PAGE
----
Some in Russia have leveled similar criticism, as in a public declaration by three provincial Orthodox priests: “We urgently ask you to cease the shameful practice of blind collaboration with the authorities and every kind of dalliance with the wealthy in our country.” Such descriptions appear to find confirmation in the many photographs of Putin crossing himself at Orthodox services or standing alongside Patriarch Kirill, head of the Russian Orthodox Church. The two leaders demonstrate mutual respect, emphasize pride in Russian culture and history, and invoke patriotism and cultural tradition as enduring values. Collaboration has rewards: The state has been generous (such as a law in November 2010 on the restitution of church property) and accommodating (such as a law of June 2013 criminalizing sacrilegious acts) to the church.
Nevertheless, the church and the state have important areas of disagreement, as both Kirill and Putin bluntly admit. In a 2016 documentary to commemorate the patriarch’s 70th birthday, Putin thanked the patriarch for his advice but volunteered that the two did not always agree. The patriarch noted their disagreements in a face-to-face public meeting in February 2012, when he praised Putin for his role in ending the disastrous 1990s -- which brought economic collapse to the country -- but added that “this does not at all mean that we agree with all of your actions, with all that is going on in this country. We have our own critical views, and I say this publicly, without any inhibitions whatsoever.”

A bit more?

While church and state do collaborate in many areas. ... The relationship is complex and evolving. The church’s adamant defense of autonomy stems from the calamitous Soviet experience. ... Although Putin ridicules the fantasy of restoring the Soviet Union, his regime does valorize the Soviet achievements, not only the great victory in World War II but also the phenomenal economic growth under Joseph Stalin. The church, however, holds a very different view: By 1941, this same regime perpetrated mass repression, including the incarceration or execution of several hundred thousand clergy and believers. The state closed all monasteries and nearly every parish church. The experience for Patriarch Kirill is personal: The repressed included his grandfather-priest, who served nearly 30 years in labor camps, and his father-priest, whose three years of incarceration and persecution thereafter Kirill also had to endure. Since 1991 the church has done much to commemorate all those victims, including 1,770 canonizations -- and counting.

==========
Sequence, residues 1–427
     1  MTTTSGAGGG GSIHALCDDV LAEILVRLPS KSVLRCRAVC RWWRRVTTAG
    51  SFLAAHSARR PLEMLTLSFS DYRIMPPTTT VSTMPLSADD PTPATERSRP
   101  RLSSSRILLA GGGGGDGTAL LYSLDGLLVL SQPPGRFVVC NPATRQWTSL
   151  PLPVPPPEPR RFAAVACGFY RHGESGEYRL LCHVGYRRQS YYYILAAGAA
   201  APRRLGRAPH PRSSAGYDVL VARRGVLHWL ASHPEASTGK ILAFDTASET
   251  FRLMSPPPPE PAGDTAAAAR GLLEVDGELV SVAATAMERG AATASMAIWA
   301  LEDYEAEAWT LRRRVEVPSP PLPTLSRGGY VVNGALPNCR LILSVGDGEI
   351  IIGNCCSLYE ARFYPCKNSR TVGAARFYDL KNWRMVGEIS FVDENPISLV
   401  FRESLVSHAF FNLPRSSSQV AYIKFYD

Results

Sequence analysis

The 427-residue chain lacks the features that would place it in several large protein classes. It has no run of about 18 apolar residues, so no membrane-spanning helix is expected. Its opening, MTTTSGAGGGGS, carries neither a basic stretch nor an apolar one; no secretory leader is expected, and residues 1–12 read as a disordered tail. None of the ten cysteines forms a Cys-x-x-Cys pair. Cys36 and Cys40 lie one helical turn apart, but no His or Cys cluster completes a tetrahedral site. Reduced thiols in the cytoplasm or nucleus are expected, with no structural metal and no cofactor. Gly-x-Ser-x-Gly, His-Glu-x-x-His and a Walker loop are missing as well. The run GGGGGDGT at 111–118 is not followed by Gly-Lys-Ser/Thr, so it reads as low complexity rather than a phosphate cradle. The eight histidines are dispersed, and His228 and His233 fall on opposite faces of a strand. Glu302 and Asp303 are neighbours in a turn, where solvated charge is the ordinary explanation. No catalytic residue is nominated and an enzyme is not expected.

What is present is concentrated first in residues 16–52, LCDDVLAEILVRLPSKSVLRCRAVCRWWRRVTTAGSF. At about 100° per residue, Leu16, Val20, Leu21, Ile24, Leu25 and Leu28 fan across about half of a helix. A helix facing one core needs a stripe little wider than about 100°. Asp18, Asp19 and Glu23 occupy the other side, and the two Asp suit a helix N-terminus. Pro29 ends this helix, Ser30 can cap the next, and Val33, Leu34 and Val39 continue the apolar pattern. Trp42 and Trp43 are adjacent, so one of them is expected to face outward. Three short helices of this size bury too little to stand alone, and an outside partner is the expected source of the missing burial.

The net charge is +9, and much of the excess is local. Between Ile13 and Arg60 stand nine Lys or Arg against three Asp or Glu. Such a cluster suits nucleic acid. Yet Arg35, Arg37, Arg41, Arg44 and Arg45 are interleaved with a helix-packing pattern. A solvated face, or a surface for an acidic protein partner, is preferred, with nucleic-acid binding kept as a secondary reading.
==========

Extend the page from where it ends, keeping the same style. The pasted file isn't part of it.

The church also fiercely opposes attempts to rehabilitate Stalin’s memory. Kirill’s close aide, Metropolitan Ilarion, has offered this assessment of Stalin:
I think that Stalin was a monster, a spiritual freak, who created a horrendous, anti-human system for governing the country, based on lies, violence, and terror. He unleashed genocide against the people of his own country and bears personal responsibility for the deaths of millions of innocent people. In these terms, Stalin is completely comparable to Hitler.

Yes, you read that last quote right.

Read it all.